A strong pipeline
Back in 2009, Martin Jones established Magma Global to provide highly reliable subsea pipes to the international offshore oil and gas market. When Energy, Oil & Gas last spoke with the company back in March 2015, Technical Director Steve Hatton reported on Magma’s growing success in the light well intervention (LWI) market with the innovative m-pipe. Made from a composite of carbon fibre and PEEK polymer materials, the m-pipe displays superior performance qualities thanks to its lightweight and high strength resulting in unrivalled resistance to fatigue, chemical degradation and temperatures up to 140ºC. A year on we speak to Steve again to see how business throughout 2015 continued and what the company is looking to achieve in the new year.
“The last year has been interesting for us,” he begins. “We have continued our focus on the LWI side of the business as we have always believed this is a good area to target during a downturn. We are finding that people are still putting these wells to use, stimulating them and increasing their productivity, so this fits well with our business strategy and with our current production capability.” Keen to enhance its offering to the LWI market Magma has also dedicated much of its time over the last year into developing its new m-IDP handling package alongside back deck equipment supplier MDL.
“When we first started looking at handling equipment we were under the assumption that we would use existing equipment in the market, but it became clear very quickly that this wasn’t going to be cost effective in terms of equipment cost, time spent on operation, and deck space,” continues Steve. “We started speaking with customers to understand what they wanted and we have subsequently developed a dedicated handling package that puts speed, ease and efficiency of use at the forefront of its proposal.”
Designed in co-operation with MDL and Magma’s customer-base the m-IDP is a well optimised piece of kit, built specifically to handle up to 3000 metres of 15ksi m-pipe in the Gulf of Mexico market where high flow rate and high pressures stimulation operations demand high performance. “In developing the package we were keen to meet our customer requests of a small footprint, low weight, easily-mobilised system and we believe we have done this with a product that can be installed on smaller vessels and deployed over the side, through the moonpool or even over the stern of a ship,” adds Steve.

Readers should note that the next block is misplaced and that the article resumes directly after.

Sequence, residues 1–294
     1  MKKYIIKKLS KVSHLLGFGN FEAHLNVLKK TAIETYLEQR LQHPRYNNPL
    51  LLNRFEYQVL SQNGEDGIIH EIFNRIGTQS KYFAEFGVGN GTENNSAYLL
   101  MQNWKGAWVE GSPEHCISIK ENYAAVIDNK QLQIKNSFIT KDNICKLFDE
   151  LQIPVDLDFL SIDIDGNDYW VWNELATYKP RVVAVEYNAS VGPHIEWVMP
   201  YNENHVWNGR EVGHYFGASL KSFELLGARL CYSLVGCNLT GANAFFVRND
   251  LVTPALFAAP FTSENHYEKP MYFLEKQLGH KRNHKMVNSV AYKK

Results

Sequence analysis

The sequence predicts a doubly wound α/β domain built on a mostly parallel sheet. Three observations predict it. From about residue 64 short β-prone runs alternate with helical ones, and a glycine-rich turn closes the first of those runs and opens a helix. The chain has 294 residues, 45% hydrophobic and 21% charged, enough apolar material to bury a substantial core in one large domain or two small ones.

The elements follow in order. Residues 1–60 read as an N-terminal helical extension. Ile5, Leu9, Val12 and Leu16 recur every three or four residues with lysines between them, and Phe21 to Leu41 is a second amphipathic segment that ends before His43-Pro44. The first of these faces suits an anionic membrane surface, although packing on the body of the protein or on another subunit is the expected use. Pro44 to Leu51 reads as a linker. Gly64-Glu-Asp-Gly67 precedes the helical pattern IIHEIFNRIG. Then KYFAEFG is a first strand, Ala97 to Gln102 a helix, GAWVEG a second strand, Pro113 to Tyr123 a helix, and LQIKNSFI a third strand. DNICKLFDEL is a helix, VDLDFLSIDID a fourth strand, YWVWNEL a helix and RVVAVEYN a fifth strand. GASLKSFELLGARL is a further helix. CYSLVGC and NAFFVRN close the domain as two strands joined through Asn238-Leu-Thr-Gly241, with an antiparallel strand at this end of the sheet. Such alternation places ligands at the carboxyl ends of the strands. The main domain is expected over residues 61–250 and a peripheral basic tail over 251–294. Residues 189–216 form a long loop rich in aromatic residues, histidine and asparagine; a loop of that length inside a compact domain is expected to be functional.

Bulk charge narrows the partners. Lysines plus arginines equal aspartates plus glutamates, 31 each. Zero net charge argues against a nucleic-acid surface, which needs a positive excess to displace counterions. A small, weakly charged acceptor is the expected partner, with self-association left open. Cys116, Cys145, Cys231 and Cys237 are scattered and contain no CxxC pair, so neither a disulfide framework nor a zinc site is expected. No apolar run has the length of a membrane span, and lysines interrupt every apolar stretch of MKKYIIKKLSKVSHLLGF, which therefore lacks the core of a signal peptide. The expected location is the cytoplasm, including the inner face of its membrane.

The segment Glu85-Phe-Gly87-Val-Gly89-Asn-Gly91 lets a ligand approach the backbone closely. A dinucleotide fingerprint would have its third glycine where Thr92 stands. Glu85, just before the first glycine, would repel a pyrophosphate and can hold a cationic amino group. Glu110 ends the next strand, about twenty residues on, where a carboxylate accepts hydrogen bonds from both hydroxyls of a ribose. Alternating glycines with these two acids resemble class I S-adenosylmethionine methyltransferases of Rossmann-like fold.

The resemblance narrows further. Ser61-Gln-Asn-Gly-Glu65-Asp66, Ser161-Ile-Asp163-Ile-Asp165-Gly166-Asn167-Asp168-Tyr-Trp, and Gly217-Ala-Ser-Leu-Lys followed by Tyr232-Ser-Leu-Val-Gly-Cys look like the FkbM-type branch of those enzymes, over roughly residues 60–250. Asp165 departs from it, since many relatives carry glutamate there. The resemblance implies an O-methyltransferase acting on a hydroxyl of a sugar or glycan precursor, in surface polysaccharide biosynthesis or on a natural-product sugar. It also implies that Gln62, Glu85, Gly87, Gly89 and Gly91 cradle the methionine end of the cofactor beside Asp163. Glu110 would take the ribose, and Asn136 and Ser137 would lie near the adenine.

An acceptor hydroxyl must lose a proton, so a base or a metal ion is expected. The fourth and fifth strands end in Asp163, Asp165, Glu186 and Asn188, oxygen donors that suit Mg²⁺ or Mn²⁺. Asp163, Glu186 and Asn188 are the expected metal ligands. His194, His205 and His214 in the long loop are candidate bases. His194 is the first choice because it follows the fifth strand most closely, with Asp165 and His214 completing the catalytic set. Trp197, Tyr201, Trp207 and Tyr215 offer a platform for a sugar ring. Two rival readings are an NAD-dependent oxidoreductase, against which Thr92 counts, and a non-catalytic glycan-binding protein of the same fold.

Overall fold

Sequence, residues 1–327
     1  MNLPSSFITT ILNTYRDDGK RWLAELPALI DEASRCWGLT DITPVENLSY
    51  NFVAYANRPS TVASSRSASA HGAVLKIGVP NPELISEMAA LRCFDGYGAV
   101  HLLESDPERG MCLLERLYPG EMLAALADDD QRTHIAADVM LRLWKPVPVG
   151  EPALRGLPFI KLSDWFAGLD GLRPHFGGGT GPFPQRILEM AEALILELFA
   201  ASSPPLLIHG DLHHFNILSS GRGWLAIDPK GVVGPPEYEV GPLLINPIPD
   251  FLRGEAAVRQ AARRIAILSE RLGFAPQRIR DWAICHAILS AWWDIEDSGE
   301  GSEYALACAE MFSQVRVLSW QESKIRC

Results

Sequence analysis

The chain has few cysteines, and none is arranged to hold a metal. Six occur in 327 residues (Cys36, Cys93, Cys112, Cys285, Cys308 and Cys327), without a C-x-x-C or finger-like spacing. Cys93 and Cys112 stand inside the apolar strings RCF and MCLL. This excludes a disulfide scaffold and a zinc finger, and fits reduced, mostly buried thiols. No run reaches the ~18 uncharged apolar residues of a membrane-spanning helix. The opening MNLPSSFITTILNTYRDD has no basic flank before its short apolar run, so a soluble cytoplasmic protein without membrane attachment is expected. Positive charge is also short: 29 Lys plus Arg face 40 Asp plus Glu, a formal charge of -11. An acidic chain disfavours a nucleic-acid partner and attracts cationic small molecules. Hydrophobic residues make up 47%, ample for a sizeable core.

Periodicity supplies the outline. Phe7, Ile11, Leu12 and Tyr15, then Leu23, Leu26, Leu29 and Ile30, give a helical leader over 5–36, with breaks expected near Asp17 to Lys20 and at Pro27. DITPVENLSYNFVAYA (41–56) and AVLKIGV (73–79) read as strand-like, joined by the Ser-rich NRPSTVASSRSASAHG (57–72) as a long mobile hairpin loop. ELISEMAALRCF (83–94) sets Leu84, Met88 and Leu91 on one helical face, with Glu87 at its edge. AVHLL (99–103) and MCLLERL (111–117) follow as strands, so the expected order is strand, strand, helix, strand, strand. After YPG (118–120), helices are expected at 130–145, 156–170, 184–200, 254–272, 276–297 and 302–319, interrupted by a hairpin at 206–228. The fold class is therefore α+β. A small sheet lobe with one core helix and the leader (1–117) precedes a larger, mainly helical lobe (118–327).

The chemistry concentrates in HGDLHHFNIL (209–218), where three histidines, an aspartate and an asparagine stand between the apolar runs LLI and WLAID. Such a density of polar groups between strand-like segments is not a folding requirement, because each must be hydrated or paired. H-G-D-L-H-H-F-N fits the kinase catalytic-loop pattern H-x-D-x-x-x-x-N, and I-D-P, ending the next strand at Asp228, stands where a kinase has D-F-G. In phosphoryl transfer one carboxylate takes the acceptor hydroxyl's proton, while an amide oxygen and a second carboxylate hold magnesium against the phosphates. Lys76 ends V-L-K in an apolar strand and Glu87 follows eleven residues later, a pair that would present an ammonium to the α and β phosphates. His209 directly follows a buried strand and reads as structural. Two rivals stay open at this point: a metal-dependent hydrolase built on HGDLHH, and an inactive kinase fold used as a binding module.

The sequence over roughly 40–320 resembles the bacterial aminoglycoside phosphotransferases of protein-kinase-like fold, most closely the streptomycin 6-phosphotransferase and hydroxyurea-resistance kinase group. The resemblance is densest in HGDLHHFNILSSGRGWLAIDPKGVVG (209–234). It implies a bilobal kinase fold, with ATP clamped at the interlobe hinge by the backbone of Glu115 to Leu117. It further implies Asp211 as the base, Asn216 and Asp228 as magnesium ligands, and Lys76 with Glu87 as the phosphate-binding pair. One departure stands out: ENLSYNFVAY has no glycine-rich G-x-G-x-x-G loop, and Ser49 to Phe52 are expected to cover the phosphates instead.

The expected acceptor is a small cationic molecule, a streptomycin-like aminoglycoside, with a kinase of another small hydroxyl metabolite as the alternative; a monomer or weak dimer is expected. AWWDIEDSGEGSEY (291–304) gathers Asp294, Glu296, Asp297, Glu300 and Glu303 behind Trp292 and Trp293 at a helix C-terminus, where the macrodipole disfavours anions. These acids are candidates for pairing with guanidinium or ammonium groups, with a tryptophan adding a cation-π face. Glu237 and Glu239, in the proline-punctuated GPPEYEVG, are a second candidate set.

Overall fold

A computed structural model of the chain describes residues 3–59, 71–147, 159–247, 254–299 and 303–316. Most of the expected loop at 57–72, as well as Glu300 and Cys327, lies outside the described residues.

Developing this LWI market is the first stage of Magma’s three-part business strategy, which will see the company hopefully penetrating the larger riser market over the coming years. The second area of focus, and which is already creating some positive opportunities for Magma is in the jumper market. “These are nice products because every field needs them – sometimes over a hundred – and currently they have some installation and reliability issues,” says Steve. “Whilst the LWI applications are proving our product’s robustness and ease of use – being lifted in and out of the water all the time – the jumper applications are showing their ability to operate reliably in subsea conditions for longer periods of time. We hope that going forward these will form the building blocks of confidence to tackle the bigger riser market where we are capable of producing deep-water six to eight inch diameter piping systems to bring hydrocarbons back from the seabed and to inject fluids back down to the well.”
Steve goes on to note that there is strong interest in the market for Magma’s m-pipe systems being developed into riser applications but highlights the challenge of demonstrating not only the performance of its products, which it is able to do with its LWI and jumper experience, but also its cost effectiveness. To address this the company is implementing an on-going qualification system to demonstrate cost advantages as well as its ability to meet DNV-code requirements. “We have obviously done a lot of internal work to assess this but what was really key for us was getting a third party involved to do an independent review,” he explains. “Last year we employed Calash to go through a field development scenario and look at the price of a Magma system verses a conventional system.
“It is very difficult to be definitive because every field development is different and if depends on where, how and by whom the system is being deployed. However the conclusion of the report suggested that there are significant installation cost savings when using Magma products that offset the higher cost of the pipe when used in connection with the appropriate installation systems. For example, the lower weight and smaller footprint of Magma solutions means that smaller vessels can be used and work can be carried out quicker and hence cheaper.”
Whilst it is still finding good opportunities with the currently depressed offshore industry, Magma is looking at the end of 2016 before some of the delayed projects come back onto the market. However, despite the challenges Steve is confident about the future and the company’s focus over the next year very much reflects this. “The next few months will be about generating revenue from LWI lines and selling sub-sea jumpers to both new and existing field developments where we see there is quite a bit of business,” he concludes. “By the end of the year our third production line should be fully operational as well, which uses all the same technology and equipment that we already have on the other lines, but will allow us to increase our current volumes but also set us up for the riser market which is where we have our sights set in the future.”
Magma Global Ltd
Services: Manufacture composite pipes for the offshore industry